The Citizens Committee for the Right to Keep and Bear Arms (CCRKBA) today applauded New Mexico Gov. Bill Richardson for signing legislation that expands his state’s concealed carry law, allowing more citizens to legally arm themselves for personal protection.

“Not only did Gov. Richardson’s signature extend the valid term of a concealed pistol license to four years,” said CCRKBA Executive Director Joe Waldron, “but he also lowered the minimum age for obtaining a license to 21 years, and in the process, he recognized the new law as a crime-reduction measure.

“Gov. Richardson’s support for concealed carry in New Mexico is well-documented,” Waldron noted, “in that he was instrumental in getting the original law through the Legislature two years ago. Now he’s signed common-sense reform legislation that expands this law, with the understanding that it will deter criminals and empowers more New Mexico citizens to protect themselves.”

House Bill 641 garnered strong bipartisan support. Sponsored by state Rep. John Heaton (D-Eddy), the new law includes a reciprocity provision.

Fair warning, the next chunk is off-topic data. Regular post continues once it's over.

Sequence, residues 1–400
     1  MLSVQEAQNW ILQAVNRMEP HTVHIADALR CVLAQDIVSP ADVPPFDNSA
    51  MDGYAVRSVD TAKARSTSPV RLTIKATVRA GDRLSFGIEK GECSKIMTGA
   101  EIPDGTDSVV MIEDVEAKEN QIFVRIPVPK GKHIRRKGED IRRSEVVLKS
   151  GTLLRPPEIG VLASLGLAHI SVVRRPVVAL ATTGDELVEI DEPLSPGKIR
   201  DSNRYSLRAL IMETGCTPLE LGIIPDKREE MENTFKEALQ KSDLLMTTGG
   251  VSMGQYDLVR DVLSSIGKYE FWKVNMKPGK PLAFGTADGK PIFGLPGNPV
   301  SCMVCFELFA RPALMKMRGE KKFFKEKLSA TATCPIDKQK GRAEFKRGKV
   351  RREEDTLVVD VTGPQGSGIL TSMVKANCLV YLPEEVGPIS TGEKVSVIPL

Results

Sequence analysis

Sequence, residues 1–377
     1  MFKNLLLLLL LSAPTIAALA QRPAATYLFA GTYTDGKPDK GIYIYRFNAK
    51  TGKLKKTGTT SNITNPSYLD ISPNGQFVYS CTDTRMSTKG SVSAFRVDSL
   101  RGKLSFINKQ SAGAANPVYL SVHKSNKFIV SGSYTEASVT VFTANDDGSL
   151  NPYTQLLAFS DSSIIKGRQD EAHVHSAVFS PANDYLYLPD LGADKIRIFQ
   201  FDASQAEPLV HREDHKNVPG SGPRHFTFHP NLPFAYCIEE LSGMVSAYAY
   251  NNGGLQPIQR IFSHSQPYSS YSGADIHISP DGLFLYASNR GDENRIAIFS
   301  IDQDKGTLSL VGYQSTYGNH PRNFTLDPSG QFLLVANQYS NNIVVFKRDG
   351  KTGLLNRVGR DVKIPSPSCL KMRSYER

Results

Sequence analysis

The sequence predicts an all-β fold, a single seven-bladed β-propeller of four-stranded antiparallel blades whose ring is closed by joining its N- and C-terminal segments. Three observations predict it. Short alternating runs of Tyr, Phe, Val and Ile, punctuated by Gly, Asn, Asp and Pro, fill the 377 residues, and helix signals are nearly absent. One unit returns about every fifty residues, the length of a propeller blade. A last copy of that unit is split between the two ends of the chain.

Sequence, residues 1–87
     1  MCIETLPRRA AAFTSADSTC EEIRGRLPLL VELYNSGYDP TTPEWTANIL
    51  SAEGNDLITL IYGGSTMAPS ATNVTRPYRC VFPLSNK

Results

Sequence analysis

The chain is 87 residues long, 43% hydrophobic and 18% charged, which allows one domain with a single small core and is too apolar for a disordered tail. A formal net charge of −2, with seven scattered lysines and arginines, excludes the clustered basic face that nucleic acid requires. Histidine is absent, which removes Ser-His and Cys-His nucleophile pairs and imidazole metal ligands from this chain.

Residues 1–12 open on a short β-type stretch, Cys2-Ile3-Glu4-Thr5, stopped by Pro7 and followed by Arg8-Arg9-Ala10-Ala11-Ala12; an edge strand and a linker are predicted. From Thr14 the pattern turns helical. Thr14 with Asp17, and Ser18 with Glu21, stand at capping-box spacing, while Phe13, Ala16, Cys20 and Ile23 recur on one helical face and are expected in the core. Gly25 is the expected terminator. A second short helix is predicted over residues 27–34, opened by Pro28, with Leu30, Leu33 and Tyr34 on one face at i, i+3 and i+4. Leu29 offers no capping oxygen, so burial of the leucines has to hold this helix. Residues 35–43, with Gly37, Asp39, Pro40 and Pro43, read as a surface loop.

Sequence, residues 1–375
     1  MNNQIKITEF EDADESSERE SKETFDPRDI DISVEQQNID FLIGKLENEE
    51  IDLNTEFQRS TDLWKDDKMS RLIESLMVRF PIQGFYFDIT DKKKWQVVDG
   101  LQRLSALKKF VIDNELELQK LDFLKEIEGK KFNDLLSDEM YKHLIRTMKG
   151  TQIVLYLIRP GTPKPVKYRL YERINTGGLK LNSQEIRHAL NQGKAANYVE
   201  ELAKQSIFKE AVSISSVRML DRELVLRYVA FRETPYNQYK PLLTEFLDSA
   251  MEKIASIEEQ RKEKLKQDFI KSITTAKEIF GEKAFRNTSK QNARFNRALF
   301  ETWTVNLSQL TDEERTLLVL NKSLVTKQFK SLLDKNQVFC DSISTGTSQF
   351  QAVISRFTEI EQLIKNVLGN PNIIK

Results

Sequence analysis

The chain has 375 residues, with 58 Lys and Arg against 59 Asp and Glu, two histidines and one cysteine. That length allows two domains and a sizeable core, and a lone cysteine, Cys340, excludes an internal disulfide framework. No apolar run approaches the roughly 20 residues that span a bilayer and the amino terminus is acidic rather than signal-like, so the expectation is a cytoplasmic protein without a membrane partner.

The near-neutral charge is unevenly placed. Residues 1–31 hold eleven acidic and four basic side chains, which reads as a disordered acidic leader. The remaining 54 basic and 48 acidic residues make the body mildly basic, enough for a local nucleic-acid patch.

“This new law truly is a reform measure,” Waldron observed. “It recognizes that young adults have just as much right to self-defense as older citizens, and that 21-year-olds in New Mexico are just as responsible as 21-year-olds in other states who are already legally-licensed to carry. If they are old enough to carry a firearm to defend this nation, they’re certainly old enough to carry a firearm to defend themselves.

“We would hope that governors in a few other states, namely Wisconsin, Nebraska, Illinois and Kansas, will take a lesson from Gov. Richardson,” Waldron stated. “Personal protection is not a right that stops at a state’s borders, nor is it any less important for people in the upper Midwest than it is in the Southwest.”